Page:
Yet, she still likes people, she still opens her mouth for the bit. Some people, like some horses, will stand the most extreme abuse for somebody they think they 'love'. I have no doubt that Trouvee was fond of her abuser (horses are capable of liking and friendship) and they repaid her by damaging her physical health and her sanity.

Most likely, they did so to win. To writers, we need to watch out for those who would abuse us in order to win. Also, we need to make sure we do not abuse ourselves in the quest to be published.

Wednesday, February 22, 2012

Sustainable societies

I've long been fascinated by elephants. Their sheer size makes them impossible to ignore...but despite it, they somehow manage to be cute. (Baby elephants are adorable). They seem to have a sense of humor lacking in many animals.

Elephants are highly social creatures who share a surprising number of qualities with humans. Those trunks make a handy manipulator device, if not as versatile as fingers (but it does demonstrate that another race on another world might have different ways of using tools. Like humans, elephants have an extended childhood.

The sexes live mostly apart, with females forming small groups and males leading lives that used to be thought to be solitary. More recent research has indicated, however, that males socialize with one another. In one recent incident, a neighborhood in Africa was having trouble with a group of young elephants - all males - who were trampling gardens and vandalizing property. (Sound familiar?). A conservation group relocated an older bull to the area and the 'street gang' of elephants broke up and vanished quickly. Clearly, he got them back in line.

In fact, elephants don't have to live together to socialize. They communicate using infrasound, which carries long distances. Elephants can talk when several miles apart.

Elephants have midwives with them when they give birth. Orphaned calves are always cared for by another female (behavior which is unusual in other herd forming herbivores). They are the only species other than humans proven to honor their dead with ritual.

They are one of the few animals to pass the 'mirror test', demonstrating an ability to recognize their own reflection. The test is performed by drugging the animal then putting dye on it. They pass if they attempt to remove the dye. Other than elephants only bottlenose dolphins and the great apes have been demonstrated to pass the mirror test. What does that mean? It means elephants are self aware. In the true sense.

In the United Arab Emirates a huge array of fossilized elephant tracks, known as a 'trackway', was found recently. Analysis of the tracks (where they are going, the weight and size of the animal) indicates that the elephants that made the tracks were living much as elephants do today, moving in the same patterns as they went through their lives.

These tracks have been dated.

They are seven million years old.

Right here, on our own planet, we have a society that has been stable for seven million years. Talk about sustainability. In fact, the only thing that threatens that society is us...and I hope we have turned that corner.

The catch? Elephant society is non-technological. Although elephants do use tools - the National Zoo's 8 year old male Kandula demonstrated that when he was provided with food he couldn't reach...he went and got a stool and stood on it. Just as we would - they do not make them beyond basic modification. They're still in the stone age.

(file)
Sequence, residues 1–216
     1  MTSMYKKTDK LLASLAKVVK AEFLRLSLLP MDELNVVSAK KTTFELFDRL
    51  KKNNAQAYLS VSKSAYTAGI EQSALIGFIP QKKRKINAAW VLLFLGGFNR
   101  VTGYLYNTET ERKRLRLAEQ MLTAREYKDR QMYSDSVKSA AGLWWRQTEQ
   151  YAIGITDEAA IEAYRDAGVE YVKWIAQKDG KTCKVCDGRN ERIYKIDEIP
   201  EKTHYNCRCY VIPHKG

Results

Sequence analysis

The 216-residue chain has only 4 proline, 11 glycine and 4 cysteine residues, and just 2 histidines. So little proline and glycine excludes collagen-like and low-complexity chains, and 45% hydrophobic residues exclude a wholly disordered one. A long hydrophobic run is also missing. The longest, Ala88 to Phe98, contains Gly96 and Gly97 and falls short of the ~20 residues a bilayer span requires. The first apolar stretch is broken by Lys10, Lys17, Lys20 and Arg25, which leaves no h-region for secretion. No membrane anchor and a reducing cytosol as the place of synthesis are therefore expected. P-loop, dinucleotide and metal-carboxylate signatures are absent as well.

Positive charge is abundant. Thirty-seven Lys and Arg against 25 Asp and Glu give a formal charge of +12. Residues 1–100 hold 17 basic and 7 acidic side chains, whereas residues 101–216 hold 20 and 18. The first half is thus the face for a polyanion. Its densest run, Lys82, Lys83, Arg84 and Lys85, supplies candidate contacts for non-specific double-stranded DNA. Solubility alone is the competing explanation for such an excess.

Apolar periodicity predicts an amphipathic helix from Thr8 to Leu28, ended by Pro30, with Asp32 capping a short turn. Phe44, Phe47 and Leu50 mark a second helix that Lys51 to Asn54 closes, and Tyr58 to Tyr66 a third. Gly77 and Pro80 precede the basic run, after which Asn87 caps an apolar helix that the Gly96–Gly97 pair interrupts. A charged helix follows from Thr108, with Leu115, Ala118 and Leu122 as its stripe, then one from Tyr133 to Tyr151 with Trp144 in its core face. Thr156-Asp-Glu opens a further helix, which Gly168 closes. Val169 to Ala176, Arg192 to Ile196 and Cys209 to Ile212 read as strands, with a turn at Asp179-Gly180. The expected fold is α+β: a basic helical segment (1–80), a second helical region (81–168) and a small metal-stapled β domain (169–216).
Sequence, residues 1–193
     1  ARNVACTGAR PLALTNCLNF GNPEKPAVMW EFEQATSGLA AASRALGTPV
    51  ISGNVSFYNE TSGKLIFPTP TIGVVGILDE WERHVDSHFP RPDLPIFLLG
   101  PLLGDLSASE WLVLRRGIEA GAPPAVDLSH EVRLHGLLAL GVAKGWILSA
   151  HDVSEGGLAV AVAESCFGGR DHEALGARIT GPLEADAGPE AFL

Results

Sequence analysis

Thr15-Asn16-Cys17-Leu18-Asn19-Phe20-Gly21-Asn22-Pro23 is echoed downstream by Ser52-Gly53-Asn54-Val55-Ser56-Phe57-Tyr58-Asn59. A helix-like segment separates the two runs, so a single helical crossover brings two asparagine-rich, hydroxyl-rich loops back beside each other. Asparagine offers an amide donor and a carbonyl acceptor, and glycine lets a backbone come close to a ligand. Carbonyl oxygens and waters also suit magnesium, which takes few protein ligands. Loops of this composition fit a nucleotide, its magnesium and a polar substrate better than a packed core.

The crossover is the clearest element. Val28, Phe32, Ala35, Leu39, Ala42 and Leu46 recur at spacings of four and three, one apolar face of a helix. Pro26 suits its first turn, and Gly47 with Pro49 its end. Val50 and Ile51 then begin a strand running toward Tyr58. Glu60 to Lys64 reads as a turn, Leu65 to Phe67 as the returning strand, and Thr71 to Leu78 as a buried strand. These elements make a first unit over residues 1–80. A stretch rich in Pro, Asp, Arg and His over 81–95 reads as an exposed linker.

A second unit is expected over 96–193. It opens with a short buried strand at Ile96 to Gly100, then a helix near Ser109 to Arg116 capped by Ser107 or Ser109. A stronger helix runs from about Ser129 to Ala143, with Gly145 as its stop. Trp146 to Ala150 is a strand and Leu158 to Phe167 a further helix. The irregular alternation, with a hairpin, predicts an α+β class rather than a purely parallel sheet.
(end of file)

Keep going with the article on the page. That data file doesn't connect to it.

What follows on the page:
Which brings one to the worrying thought that a truly sustainable society has to be non-technological. Or does it? Can we learn from the elephants without sacrificing ourselves? If nothing else, elephants may teach us how to recognize, if we ever reach another world, non-technological sentients and other lifeways. At best, they may teach us how to save both them and ourselves.

Tuesday, February 21, 2012

Plate Tectonics and Possibilities

Recent observations have indicated that both Mars and the Moon may be more tectonically and geologically active than we thought.

This is a good indicator that planets in general may be more geologically active than we thought. This is extremely important. Life probably requires geological activity to get started. Certainly, it's important to keeping a planet habitable by our kind of life (consider that next time there's a massive, damaging earthquake).

So, if geological activity is 'easier', which these results might indicate, then life is easier too. Our kind of life, that is. Other kinds? Who knows. There may be living things out there we would not even recognize as living.

Monday, February 20, 2012

President's Day...

So I'm not working a full day. I will say, though, that I am still working, still thinking, still writing. Hopefully everyone else is, too.

Friday, February 17, 2012


Even speakers of English all sound different. We have accents, that are determined by where we grew up. An accent reveals somebody's origin quite clearly (as long as the person listening is familiar with it - I am often mistaken for an Australian by many Americans, for reasons I'm not sure of).

Whales, elephants and songbirds all have accents. We've now discovered that goats develop them, too. And I do sometimes wonder if dog barks vary regionally as well.

So much for the sounds animals make being just instinctive. If they were, then perhaps we would not have developed a sound-based language, but rather something else...gesture-based, perhaps.

Thursday, February 16, 2012

The Swiss...

They're known for precision, craftsmanship and neutrality. Oh, yes, and anonymous bank accounts.